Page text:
Monoclonal M6 antibody binds to the surface of murine central nervous system neurons as well as to apical surfaces of epithelial cells in the choroid plexus and proximal tubules of the kidney. M6 antigen is expressed in the central nervous system as early as embryonic day 10, most strongly in the marginal zone of the neural tube, and remains detectable in adulthood. IgG or Fab fragments of M6 antibody interfere with the extension of neurites by cultured cerebellar neurons. Effects of the antibody on neurite extension are readily detectable after 24 h. No reduction of cell viability is detected during the first 3 days of antibody treatment. Cultures maintained in the presence of antibody for longer than 5 days exhibit reduced viability of neurons. This reduction in long‐term viability in the presence of M6 antibody is largely avoided when 25 mM KCl is included in the culture medium. The antibody‐mediated perturbation of neurite outgrowth is not blocked by the presence of elevated KCl. The unusually short and flattened appearance of neurites in these cultures suggests that the M6 antibody selectively affects neurite extension. Time‐lapse cinematography of anti‐M6‐treated neurons reveals no apparent effect on movement of lamellipodia and filopdia of growth cones. Only the overall extension of the neurite appears to be inhibited. M6 antigen is a 35 kD glycoprotein that can be isolated from a deoxycholate‐ (DOC) solubilized membrane fraction from adult mouse brain.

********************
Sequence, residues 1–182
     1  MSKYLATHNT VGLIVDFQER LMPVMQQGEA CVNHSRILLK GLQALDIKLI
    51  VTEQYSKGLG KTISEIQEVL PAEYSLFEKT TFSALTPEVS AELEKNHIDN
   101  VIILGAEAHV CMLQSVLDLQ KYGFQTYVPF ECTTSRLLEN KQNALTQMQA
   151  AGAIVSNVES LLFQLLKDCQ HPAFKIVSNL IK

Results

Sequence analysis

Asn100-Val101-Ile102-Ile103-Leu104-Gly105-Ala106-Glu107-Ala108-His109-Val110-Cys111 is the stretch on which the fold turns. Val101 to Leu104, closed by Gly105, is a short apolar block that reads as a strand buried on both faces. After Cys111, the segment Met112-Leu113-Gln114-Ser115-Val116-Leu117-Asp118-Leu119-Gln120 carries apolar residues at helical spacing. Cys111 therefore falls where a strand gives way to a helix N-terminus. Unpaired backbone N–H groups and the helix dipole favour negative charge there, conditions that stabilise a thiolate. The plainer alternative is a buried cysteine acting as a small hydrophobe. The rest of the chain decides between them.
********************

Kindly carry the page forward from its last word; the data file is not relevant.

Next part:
All Science Journal Classification (ASJC) codes
- Cellular and Molecular Neuroscience
- cell surface antigen
- neural antigen
- neurite extension
- neurite outgrowth inhibition